A recent survey conducted by NaviSite and Time Warner Cable found that the majority of enterprises are interested in adopting cloud computing and bring-your-own-device initiatives but are encountering a variety of barriers to deployment, chief among them threats to security.

The study, which included responses from 250 companies in the U.S. and U.K., found that implementing cloud services and enabling a mobile workforce are two of the most important initiatives being considered by businesses today. While nearly 90 percent of participant organizations reported having plans to move business-critical applications to the cloud within the next year, 59 percent admitted to having concerns about security related to the technology.

According to the report, 94 percent of organizations are employing the cloud to create a more mobile workforce, but 68 percent of participating enterprises said they did not currently have a BYOD policy in place. This is because of a lack of IT professionals with the necessary skills to implement such a plan and concern from businesses that an influx of mobile devices will lead to security issues they are unequipped to defend against. Other emerging technology like the Internet of Things is also appealing to companies because of the business insights it can offer, but the trend brings along a variety of security concerns of its own.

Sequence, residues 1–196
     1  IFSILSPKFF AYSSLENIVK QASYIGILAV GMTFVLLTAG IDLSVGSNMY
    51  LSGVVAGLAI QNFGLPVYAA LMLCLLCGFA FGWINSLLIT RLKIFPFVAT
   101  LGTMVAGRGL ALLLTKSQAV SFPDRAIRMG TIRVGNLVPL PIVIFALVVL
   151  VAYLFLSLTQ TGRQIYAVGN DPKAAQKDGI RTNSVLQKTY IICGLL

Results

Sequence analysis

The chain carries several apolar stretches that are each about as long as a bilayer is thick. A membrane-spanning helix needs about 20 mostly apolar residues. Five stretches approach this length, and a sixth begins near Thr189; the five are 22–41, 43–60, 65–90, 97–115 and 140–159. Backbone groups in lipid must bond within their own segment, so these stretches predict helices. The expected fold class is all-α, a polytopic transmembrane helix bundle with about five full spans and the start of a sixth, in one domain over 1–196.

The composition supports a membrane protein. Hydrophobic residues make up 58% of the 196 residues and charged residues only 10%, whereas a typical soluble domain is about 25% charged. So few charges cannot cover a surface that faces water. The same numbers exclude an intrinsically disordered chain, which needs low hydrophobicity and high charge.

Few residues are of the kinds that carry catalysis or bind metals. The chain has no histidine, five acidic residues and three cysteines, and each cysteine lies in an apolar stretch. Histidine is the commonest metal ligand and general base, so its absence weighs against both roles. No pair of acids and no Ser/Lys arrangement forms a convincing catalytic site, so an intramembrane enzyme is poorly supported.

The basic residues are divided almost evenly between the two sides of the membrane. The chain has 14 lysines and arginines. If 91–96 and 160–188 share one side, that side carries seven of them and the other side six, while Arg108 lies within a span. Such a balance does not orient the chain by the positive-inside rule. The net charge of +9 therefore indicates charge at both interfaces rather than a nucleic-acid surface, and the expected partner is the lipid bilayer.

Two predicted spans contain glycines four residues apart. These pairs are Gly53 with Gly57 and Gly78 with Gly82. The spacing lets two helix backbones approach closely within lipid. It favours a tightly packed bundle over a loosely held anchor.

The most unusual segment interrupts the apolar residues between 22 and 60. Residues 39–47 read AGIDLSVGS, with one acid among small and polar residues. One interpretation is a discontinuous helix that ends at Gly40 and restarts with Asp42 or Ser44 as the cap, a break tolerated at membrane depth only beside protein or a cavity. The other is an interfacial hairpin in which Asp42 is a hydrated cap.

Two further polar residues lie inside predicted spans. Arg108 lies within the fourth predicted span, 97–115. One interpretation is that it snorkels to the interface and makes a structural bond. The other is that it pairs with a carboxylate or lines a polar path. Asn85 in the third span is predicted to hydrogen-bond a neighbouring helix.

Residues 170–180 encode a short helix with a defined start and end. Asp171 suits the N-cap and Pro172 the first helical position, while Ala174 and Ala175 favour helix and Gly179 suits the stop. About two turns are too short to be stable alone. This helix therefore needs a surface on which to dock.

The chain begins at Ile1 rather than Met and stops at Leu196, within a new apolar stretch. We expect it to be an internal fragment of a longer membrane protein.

Third-party cloud providers offer relief from security threats
Recent data breaches involving cloud-based file sharing services like iCloud and Dropbox have cast doubt on the safety of the cloud for enterprise use, and the very real threat of mobile malware has dampened enthusiasm for BYOD initiatives. However, companies can experience the advantages of both by utilizing a third-party service provider to aid them in their migration. As shown by the study, the vast majority of businesses are looking to deploy a cloud platform and many groups are interested in BYOD, especially as the interest in wearables increases. With the knowledge and expertise of third-party providers, enterprises can realize the benefits of these programs while greatly reducing the risk of security incidents and data loss.

"Effective business leaders recognize that while they need to leverage virtual technologies to remain competitive, they also need to leverage their existing investments in traditional platforms," said Sean McAvan, managing director of NaviSite Europe, in an interview with Business Cloud News. "Those companies who most effectively leverage cloud and virtual technology often partner with a managed service provider, freeing them up to focus on their core competencies."